The Health Secretary has hinted there may be “good news” soon for care home residents currently required to isolate for two weeks after a trip out, as he revealed the “vast majority” have had two vaccine doses.
Current guidance from the Department of Health and Social Care (DHSC) requires residents to isolate for 14 days after a trip out of the home.
The Government has been threatened with legal action over the rule, which campaigners say encourages care homes to act unlawfully by “falsely imprisoning” residents.
During Wednesday’s Downing Street press conference, a member of the public asked Matt Hancock when people will be able to take their loved ones for a walk without them having to isolate on their return.
Rachel from Derby said her mother has been unable to leave her care home for almost 14 months and is now on anti-depressants after deteriorating, adding: “Please help us find a safe way for this to happen very soon.”
Mr Hancock said he was aware of the “risks and health consequences” of care home residents not having visitors and not being able to go out without then needing to isolate.
He said: “We are working on it right now, and in fact I had a meeting on this yesterday, to make sure we can get the rules right so that people can safely leave a care home and come back without bringing coronavirus back into the home.
“And especially now that vaccinations have taken place – amongst residents, the vast, vast majority have now had two doses and amongst staff vaccination rates are rising as well – and also because the rates of coronavirus are so much lower in the community, so I hope that we can have some good news for you soon, Rachel.”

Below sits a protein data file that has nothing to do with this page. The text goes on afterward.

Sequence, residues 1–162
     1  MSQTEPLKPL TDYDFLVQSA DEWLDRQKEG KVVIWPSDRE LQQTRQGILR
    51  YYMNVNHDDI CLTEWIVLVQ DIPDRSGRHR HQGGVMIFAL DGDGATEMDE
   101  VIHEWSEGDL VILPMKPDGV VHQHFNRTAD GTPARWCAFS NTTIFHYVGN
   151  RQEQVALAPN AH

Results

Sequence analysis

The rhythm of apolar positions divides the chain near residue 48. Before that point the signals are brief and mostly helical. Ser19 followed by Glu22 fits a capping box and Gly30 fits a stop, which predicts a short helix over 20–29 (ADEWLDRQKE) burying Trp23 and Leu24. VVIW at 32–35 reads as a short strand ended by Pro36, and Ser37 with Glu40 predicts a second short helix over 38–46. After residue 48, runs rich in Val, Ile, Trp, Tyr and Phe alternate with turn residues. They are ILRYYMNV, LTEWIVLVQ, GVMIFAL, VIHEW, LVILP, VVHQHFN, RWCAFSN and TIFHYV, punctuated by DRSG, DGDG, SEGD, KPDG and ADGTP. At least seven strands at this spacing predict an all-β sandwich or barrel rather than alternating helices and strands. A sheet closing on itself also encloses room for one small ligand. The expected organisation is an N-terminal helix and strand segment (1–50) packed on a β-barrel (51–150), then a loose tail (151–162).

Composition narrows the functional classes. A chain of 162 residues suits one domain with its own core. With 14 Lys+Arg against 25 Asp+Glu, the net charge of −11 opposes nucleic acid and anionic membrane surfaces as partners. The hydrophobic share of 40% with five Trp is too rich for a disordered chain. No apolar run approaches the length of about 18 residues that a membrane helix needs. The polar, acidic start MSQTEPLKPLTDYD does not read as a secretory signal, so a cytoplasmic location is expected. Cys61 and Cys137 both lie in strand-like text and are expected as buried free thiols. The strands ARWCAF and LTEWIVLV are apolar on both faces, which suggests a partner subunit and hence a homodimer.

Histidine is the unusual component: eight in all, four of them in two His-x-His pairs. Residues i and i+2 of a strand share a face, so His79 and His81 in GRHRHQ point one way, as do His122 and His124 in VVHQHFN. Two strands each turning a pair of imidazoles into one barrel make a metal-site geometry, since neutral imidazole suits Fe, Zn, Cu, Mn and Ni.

England’s deputy chief medical officer Professor Jonathan Van-Tam said it was “desperately important” to restore normality for people in residential care, but that this must be done carefully.
He said more data was needed on whether the vaccines work as well in the “extremely frail elderly as they do in the fit and younger adult”, as well as in the clinically vulnerable.
“Those data are going to take a little while longer to give us real clarity,” he said.
“And they will help us pull this picture together so that I hope we can move with maximum safe speed to get back to normal.”
John’s Campaign is considering a challenge to the guidance, with lawyers sending a pre-action letter – the step before formal legal proceedings begin – to the DHSC.
Julia Jones and Nicci Gerrard of John’s Campaign, who are represented by Leigh Day solicitor Tessa Gregory, said: “Vague promises that things might change in the future are not good enough.
“After a year of isolation and loneliness action is needed now.
“The current guidance on visits out is not fit for purpose, it is encouraging care homes to unlawfully imprison their residents and John’s Campaign will continue with their legal action unless and until the guidance is changed.”